Thoughts on education in developing countries

The topic of my development economics class last week was education. The following my insights from the readings and our discussion.

Enrollment vs. quality education

Although the United Nations used net enrolment ratio as the main measure of “universal education” goal in the Millennium Development Goals, it fails to account for the quality of education. The high teacher absence rate in many developing countries makes people wonder if schools serve their purpose of promoting knowledge and enhance skills. Survey results (Chaudhury et al, 2006) suggest that on average 19% of teachers were absent in Bangladesh, Ecuador, India, Indonesia, Peru and Uganda. Teachers with higher qualifications and more power tend to be absent more.

Education as Investment vs. Education as Gift

It’s tempting to take education for granted. One can certainly argue that parents recognize the intrinsic value of education in enabling us to fully realize one’s potential and simply give education to their children as a gift. But in financially constrained households, educational choices are made after carefully weighing risks and returns. Education is an investment, and parents, as investors, have to evaluate the project before putting money into it. In poor households, parents tend to invest less in education than the richer families. Apart from the reason that they have limited financial resources, they also seem to underestimate the role of education. Several papers have shown that the perceived returns on education (in terms of wage differential) are far less than the truth.

Risk as a central concern

Overbearing parents in poor households often “pick the winner”, i.e. choose the most promising child and invest heavily in him or her. This also means that the other children have less chance to advance in personal development. Looking at these makes one wonder: why do the poor have so many children in the first place? Why don’t they have fewer children with higher quality (just like the one-child policy slogan in China — “giving birth to fewer and healthier children”)? The rationale may be that by raising more children, the parents are lowering their risk of not being taken care of when they are old. For the poor, diversifying risk is a major concern.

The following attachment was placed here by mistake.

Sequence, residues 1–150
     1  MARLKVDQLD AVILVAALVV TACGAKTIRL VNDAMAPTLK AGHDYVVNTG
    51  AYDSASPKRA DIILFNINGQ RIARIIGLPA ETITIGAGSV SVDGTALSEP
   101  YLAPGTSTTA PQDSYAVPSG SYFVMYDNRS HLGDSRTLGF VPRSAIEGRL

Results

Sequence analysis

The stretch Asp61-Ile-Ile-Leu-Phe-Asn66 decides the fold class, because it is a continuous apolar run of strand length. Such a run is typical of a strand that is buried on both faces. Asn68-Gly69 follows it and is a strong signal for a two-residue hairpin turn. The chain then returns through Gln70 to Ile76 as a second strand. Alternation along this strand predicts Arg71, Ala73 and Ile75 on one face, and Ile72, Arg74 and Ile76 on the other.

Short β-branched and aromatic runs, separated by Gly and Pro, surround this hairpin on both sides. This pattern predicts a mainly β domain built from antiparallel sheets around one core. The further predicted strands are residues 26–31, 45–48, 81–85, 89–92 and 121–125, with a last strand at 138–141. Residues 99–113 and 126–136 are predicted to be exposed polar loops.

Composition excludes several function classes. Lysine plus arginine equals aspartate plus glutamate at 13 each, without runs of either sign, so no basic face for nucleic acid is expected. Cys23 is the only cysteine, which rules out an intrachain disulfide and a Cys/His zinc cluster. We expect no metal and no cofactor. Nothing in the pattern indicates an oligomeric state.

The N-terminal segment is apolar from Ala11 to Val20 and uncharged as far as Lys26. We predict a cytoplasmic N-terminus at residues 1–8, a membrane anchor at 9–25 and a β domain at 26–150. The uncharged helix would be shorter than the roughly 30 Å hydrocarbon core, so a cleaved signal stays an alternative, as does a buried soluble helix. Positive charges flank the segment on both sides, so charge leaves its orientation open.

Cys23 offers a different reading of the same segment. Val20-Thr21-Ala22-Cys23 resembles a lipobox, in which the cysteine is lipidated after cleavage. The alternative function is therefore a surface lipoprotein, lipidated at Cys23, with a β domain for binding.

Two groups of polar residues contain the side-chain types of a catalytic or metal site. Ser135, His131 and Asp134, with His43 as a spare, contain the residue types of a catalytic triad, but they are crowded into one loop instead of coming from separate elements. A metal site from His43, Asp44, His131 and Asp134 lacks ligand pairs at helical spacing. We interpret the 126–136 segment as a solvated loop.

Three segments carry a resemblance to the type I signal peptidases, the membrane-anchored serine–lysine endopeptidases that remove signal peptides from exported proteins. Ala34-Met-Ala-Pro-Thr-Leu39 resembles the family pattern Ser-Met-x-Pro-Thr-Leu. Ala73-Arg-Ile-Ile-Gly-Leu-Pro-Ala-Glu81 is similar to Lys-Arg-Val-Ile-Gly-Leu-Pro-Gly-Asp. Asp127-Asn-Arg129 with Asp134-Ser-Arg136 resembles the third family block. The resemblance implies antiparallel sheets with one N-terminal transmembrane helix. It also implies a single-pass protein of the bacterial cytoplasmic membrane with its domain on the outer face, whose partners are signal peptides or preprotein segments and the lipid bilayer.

I am now reading Banerjee and Duflo’s book chapter on microfinance, so I will revisit the issue of how risk affects the behaviors of the poor next week.

References:

Abhijit V. Banerjee and Esther Duflo. 2011. Poor Economics: A Radical Rethinking of the Way to Fight Global Poverty. PublicAffairs. New York.

Nazmul Chaudhury, Jeffrey Hammer, Michael Kremer, Karthik Muralidharan and F. Halsey Rogers. 2006. Missing in Action: Teacher and Health Worker Absence in Developing Countries. Journal of Economic Perspectives 20(1): 91-116.

 

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